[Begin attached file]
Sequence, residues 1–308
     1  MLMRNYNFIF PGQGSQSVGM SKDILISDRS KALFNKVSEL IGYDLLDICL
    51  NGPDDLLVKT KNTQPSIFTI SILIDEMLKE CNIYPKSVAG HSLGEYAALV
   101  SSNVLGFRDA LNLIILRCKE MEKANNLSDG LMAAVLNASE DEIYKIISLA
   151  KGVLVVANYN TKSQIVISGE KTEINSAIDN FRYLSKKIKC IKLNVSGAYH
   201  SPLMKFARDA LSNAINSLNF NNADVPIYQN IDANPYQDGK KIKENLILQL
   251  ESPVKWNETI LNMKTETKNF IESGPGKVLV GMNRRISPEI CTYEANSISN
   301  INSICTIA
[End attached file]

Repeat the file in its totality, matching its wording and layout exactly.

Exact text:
Sequence, residues 1–308
     1  MLMRNYNFIF PGQGSQSVGM SKDILISDRS KALFNKVSEL IGYDLLDICL
    51  NGPDDLLVKT KNTQPSIFTI SILIDEMLKE CNIYPKSVAG HSLGEYAALV
   101  SSNVLGFRDA LNLIILRCKE MEKANNLSDG LMAAVLNASE DEIYKIISLA
   151  KGVLVVANYN TKSQIVISGE KTEINSAIDN FRYLSKKIKC IKLNVSGAYH
   201  SPLMKFARDA LSNAINSLNF NNADVPIYQN IDANPYQDGK KIKENLILQL
   251  ESPVKWNETI LNMKTETKNF IESGPGKVLV GMNRRISPEI CTYEANSISN
   301  INSICTIA